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The aged woman had stopped biting aides and hitting other residents. That was the good news.
But in the North Shore nursing home's efforts to achieve peace, she and many other residents were drugged into a stupor -- sleepy, lethargic, with little interest in food, activities and other people.
"You see that in just about any nursing home,'' said Eva Lanigan, a nurse and resident care coordinator at Sunrise Home in Two Harbors, Minn. "But what kind of quality of life is that?"
Working with a psychiatrist and a pharmacist, Lanigan started a project last year to find other ways to ease the yelling, moaning, crying, spitting, biting and other disruptive behavior that sometimes accompany dementia.
They wanted to replace drugs with aromatherapy, massage, games, exercise, personal attention, better pain control and other techniques. The entire staff was trained and encouraged to interact with residents with dementia.
Within six months, they eliminated antipsychotic drugs and cut the use of antidepressants by half. The result, Lanigan said: "The chaos level is down, but the noise is up -- the noise of people laughing, talking, much more engaged with life. It's amazing."
Now the home's operator, Shoreview-based Ecumen, has started a project called Awakenings throughout its 15 long-term care nursing homes. It's based on Lanigan's work and funded with a two-year, $3.7 million state grant.
"We saw what Eva was doing -- something everybody in the industry talks about -- and we were impressed," said Mick Finn, an Ecumen vice president. "We said, 'Hey, this is real. Can we all do this?' "
The dangers of drugs
Powerful antipsychotic drugs have been used for years to reduce agitation, hallucinations and other debilitating symptoms among people with mental illnesses.
They also are widely used "off label" to quell disruptive behavior among people with Alzheimer's disease and other forms of dementia.
Medicare spends more than $5 billion a year on those drugs for its beneficiaries, including about 30 percent of nursing home residents. Several studies have concluded that more than half are prescribed inappropriately. The drugs are especially hazardous to older people, raising the risk of strokes, pneumonia, confusion, falls, diabetes and hospitalization.
"There's a bunch of problems, not least of which is those drugs can kill you," said Dr. Mark Kunik at Baylor College of Medicine in Houston who spoke last month at the Gerontological Society of America's annual meeting in New Orleans.
Instead of looking for causes of disruptive behavior among dementia patients, doctors typically prescribe drugs to mask the symptoms, he said, because "It's the easy thing to do. ... That's true in hospitals, in clinics and in nursing homes."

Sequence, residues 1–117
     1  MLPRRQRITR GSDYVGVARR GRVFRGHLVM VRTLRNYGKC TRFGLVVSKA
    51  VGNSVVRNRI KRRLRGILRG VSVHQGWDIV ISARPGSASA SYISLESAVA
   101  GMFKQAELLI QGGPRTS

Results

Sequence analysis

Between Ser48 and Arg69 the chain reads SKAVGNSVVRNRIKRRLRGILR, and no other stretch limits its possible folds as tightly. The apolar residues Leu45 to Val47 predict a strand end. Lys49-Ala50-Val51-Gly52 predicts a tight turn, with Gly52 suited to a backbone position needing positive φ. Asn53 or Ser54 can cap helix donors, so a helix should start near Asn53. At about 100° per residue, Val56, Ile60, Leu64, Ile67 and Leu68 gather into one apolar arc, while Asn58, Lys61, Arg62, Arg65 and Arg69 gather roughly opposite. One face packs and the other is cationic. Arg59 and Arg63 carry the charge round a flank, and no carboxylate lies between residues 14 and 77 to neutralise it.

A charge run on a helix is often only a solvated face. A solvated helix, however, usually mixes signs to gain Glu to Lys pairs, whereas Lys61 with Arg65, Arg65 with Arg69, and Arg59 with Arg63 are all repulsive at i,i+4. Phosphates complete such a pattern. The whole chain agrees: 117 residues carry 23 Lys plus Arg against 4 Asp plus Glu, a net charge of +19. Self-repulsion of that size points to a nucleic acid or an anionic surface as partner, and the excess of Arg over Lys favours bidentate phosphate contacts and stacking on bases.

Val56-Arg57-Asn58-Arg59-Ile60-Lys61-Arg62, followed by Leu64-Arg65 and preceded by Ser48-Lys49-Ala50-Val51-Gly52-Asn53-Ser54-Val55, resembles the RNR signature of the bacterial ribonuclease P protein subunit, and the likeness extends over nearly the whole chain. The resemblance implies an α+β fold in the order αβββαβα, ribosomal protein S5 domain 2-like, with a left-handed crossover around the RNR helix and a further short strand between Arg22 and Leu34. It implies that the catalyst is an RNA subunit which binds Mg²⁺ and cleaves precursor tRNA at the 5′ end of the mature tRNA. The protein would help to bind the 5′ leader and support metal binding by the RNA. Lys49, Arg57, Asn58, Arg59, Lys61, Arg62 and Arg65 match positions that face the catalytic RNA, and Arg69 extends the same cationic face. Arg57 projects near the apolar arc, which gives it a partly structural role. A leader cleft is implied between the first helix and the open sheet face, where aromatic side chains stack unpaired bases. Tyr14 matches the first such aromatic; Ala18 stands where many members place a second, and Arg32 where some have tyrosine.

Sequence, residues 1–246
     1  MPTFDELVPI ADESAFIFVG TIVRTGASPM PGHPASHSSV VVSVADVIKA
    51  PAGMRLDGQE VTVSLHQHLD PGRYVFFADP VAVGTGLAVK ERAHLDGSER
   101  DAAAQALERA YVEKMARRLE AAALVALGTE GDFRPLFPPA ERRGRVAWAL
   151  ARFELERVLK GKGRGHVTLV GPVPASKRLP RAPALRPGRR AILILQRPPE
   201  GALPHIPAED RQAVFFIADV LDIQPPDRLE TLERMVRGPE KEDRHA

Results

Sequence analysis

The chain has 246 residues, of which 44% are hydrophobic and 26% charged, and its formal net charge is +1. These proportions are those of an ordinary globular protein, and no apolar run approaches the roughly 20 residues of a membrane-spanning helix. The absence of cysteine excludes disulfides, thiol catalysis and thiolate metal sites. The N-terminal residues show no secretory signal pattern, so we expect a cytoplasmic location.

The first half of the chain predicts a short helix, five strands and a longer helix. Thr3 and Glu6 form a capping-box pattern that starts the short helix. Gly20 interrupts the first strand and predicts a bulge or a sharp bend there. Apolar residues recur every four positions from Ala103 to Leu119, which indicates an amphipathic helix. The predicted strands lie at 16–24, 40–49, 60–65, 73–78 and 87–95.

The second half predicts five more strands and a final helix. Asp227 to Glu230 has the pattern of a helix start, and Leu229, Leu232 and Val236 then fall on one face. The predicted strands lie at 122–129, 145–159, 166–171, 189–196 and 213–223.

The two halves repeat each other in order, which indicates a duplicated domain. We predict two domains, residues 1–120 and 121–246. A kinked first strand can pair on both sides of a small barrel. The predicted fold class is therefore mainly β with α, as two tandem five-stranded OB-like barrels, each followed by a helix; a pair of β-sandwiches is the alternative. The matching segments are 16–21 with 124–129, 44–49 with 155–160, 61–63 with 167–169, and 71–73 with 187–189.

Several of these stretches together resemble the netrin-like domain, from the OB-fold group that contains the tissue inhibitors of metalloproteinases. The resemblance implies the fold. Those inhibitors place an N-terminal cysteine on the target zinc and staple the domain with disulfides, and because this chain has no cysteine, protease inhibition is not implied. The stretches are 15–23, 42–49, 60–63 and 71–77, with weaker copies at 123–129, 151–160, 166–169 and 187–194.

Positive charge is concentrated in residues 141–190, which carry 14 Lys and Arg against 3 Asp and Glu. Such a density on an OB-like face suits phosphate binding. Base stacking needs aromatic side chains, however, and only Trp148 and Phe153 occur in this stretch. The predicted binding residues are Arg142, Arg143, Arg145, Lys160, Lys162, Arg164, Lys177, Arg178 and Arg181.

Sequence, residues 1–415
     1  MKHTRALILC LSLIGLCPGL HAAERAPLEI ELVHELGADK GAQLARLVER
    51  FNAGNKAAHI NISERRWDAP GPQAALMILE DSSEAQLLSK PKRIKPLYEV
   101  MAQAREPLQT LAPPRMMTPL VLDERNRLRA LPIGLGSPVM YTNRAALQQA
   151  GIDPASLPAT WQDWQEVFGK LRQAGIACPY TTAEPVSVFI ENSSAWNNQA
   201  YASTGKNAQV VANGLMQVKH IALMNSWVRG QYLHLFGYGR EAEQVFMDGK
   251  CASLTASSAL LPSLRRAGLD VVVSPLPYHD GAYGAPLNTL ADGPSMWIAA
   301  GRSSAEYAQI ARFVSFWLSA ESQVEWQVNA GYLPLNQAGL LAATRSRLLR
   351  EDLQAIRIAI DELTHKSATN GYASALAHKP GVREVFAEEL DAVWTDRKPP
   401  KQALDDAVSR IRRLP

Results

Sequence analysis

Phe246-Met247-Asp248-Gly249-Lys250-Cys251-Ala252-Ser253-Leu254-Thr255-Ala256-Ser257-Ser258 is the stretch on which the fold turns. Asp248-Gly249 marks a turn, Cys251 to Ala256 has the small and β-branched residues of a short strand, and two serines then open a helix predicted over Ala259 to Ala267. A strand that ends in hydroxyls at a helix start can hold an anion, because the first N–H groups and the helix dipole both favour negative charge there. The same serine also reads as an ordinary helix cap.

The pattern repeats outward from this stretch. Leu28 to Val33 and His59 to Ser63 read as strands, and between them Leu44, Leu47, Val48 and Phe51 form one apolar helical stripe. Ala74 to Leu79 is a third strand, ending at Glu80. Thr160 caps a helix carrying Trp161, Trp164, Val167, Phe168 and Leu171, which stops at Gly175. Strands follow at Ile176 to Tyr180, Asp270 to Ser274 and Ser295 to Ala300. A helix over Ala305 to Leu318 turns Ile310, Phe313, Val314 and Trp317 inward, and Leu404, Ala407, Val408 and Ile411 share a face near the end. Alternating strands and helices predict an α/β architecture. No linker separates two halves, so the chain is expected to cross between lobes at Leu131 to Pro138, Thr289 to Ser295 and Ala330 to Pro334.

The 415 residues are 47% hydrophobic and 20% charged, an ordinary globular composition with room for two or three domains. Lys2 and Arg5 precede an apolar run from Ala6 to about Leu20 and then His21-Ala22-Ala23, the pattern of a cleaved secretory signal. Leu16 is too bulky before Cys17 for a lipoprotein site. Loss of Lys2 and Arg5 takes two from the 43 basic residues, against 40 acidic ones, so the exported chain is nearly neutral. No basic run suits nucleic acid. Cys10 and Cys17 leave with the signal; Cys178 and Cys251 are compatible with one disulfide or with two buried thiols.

Federal regulators are cracking down on homes that don't routinely reassess residents on psychotropic drugs. But use remains widespread.
"Whether you have Alzheimer's or not, there's a reason people get frustrated or upset -- pain, urinary tract infections, hunger, fear of strangers or loud noises or strange settings, maybe drug interactions,'' Kunik said. "If you figure that out, you likely can find a safer, nonpharmacologic treatment."
Treating loss with love
About 150 miles south of Two Harbors, Bernice Brockelman, 91, was snacking on cookies last Wednesday beside the Christmas tree at Ecumen Parmly LifePointes, a nursing home in Center City -- all the while alternating quickly from calm to worry to calm.
"Can I stay here tonight? I don't know where to go. Can I stay with you?" she asked Christy Johnson, the home's therapeutic recreation director. Though Johnson reassured her, she asked the question again -- and again and again.
In an effort to calm her while preparing to wean her from pills, the Parmly staff invited Brockelman into a game of Bingo and to recite the Polish phrases she learned from her immigrant parents. Then she spotted a male visitor.
"Hey, is he married?'' she asked with a sparkle in her eye.
"When she's feeling good, Mom's an outrageous flirt and she can be really funny," said her daughter, Judy Balthazor of Center City. "But often there is the repetitive questions, the worry, sometimes just being washed out. I can't wait for them to get her off her drugs."
Until the Awakenings project, few at the home knew Brockelman's whole story -- the loss of both parents when she was in high school, of her husband at age 46, then two sons, a close friend and a nephew. Found to have psychosis and dementia, she "just shut down because she had so many losses," Balthazor said.
Now, the Parmly staff is gaining deeper knowledge of 15 residents who are on psychotropic drugs and who frequently are agitated or upset. They are about to start weaning the residents from the drugs, but they've already started a range of activities tailored to each.
Some say nursing homes cannot afford to replace drugs with personal attention because it requires too much staff time.
"Our guess is that it will take the equivalent of two extra people at each home, spread across all job categories," said Finn, Ecuman's vice president. "Can we afford it? We think we have to, because it's the right thing."
Brockelman, who lived nearly all of her life in northeast Minneapolis, loved to bake, so now she helps make bread and cookies. She danced and was physically active, so she walks with an aide and taps her toes to polka music. A devout Catholic, she attends several weekly church services. She plays Bingo with aide Jenna Miller and sometimes other residents.
"When [you] understand who Beatrice has been in the past, you know her a lot better in the present," Miller said. "With the Awakenings project, I have permission to spend the time I need with Bernice so she feels safe and loved."
Warren Wolfe • 612-673-7253
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